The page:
“We have two proposals. Some Mexicans have approached us. We’ve done the due diligence. They appear to be very serious, very well healed and with technical ability to do this. One thing that’s holding up in making a decision in their favor is that BNE has said that it is contemplating the possibility of a full fledge refinery. Gilly Canton, the C.E.O. told me that their Board will make a decision by the twelfth of this month. If BNE wants to do it, in my view, it will be a Cabinet decision; my view is that we go with BNE. They are the ones extracting the oil. They have a little bit of a track record in so far as one of their principals had gone into the blue sky venture that did some partial refining or more like blending to produce a diesel product. That went awry because of personality problems between the person who was from BNE and the partner from Houston. But if the BNE Board of Directors votes to make the investment in the refinery, Cabinet will have to determine which would be the better proposal. I am prepared to say from now it just seem to me preliminarily to make more sense to go with the people that are already here.”
The cost of just about everything is on the rise, but there is one area where Prime Minister Dean Barrow promised relief when prices passed a certain mark. That is the price of fuel. We asked our viewers if they believe the PM should be held to his word to remove the dollar tax that was added on fuel in March 2009 since the prices are much higher than the eight dollar threshold. Eighty-nine percent voted yes on our e-poll and one commented that “I believe that he should be held accountable and if he fails to do so, the people should demonstrate.” Meanwhile, eleven percent of voters said no and one of them pointed out that “Belize’s PM has no role or say on the global fluctuations in oil production and demand, which dictates the price of crude.” There was also the sentiment that if he removes the dollar tax, it will just be imposed on something else. In response to that, another viewer suggested transferring the tax to products like cigarettes and liquor.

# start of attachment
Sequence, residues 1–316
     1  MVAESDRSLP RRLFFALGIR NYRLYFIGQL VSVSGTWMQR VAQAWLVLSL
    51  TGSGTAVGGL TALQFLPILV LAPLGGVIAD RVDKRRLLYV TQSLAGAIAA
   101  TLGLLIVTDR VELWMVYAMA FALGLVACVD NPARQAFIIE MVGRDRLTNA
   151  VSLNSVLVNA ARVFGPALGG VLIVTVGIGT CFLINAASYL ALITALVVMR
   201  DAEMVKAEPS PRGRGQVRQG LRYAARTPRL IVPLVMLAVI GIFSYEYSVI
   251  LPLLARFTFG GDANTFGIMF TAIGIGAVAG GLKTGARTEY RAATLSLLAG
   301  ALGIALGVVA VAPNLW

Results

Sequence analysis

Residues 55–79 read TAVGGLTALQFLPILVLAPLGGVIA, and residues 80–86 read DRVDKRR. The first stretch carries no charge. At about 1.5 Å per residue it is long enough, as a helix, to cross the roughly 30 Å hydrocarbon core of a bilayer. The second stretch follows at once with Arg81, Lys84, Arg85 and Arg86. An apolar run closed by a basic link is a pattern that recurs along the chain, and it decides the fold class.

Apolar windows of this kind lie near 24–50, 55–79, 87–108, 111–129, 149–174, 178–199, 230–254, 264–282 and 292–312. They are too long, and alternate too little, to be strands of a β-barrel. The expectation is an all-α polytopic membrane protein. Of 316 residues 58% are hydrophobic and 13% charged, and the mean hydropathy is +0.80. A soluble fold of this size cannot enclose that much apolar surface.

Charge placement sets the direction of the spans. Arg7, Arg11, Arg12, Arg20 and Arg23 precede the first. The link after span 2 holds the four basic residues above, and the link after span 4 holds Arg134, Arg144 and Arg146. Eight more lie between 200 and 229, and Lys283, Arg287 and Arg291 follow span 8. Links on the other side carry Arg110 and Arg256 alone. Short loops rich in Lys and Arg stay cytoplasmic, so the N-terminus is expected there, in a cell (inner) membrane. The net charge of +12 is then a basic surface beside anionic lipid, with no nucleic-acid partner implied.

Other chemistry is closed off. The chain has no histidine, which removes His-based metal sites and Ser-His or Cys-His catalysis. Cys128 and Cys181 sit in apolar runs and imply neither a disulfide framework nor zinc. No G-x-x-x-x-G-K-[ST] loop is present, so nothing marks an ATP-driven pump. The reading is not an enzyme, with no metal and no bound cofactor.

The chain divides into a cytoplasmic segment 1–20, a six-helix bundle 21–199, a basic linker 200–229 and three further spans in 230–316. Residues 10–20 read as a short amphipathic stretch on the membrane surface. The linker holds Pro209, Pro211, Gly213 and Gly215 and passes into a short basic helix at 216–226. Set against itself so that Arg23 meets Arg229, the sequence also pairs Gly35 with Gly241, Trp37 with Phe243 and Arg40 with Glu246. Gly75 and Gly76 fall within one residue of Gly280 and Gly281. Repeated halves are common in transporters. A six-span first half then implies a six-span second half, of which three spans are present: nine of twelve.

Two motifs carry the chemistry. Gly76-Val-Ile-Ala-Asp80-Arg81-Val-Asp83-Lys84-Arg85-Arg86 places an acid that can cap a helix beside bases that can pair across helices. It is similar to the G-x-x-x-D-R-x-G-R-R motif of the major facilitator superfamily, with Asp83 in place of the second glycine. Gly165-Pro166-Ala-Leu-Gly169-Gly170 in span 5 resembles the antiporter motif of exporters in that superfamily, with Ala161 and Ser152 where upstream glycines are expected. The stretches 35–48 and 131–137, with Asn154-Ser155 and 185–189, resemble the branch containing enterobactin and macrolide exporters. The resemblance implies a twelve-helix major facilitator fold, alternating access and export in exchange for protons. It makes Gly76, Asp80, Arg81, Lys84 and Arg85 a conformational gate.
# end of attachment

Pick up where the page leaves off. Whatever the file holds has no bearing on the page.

The Prime Minister says that if the high world prices continue, he will have to re-visit the one dollar gas tax in his next budget:
Hon. Dean Barrow, Prime Minister of Belize
"If this drops back down to under $90 a barrel does it hold, if it goes back up above $90 a barrel and trading at over $90 a barrel does hold for 3 months or so then at budget time I will have to do something. But it's so volatile and there is so much that goes into the mix that you can't be pre-mature, I'll look like a fool going up and down like a yoyo, we've got to see what a trend it is. This is a blip, not a trend."
Marion Alley, Reporter Channel 5
"But locally though can Belize have a plan B, how far away from the possibility...."
Hon. Dean Barrow, Prime Minister of Belize
"Plan B is to refine. We have two proposals, some Mexicans have approach us, we are done the due diligence, they appear to be very serious, very well healed and with the technical ability to do this. One thing that holding up making a decision in their favor is that BNE has said to me that it is contemplating the possibility of a full fledge refinery. Gilly Canton, the CEO told me that their board will make a decision by the 12th of this month. If BNE wants to do it in my view it will be a cabinet decision, my view is we should go with BNE, they are already, they are the ones extracting the oil."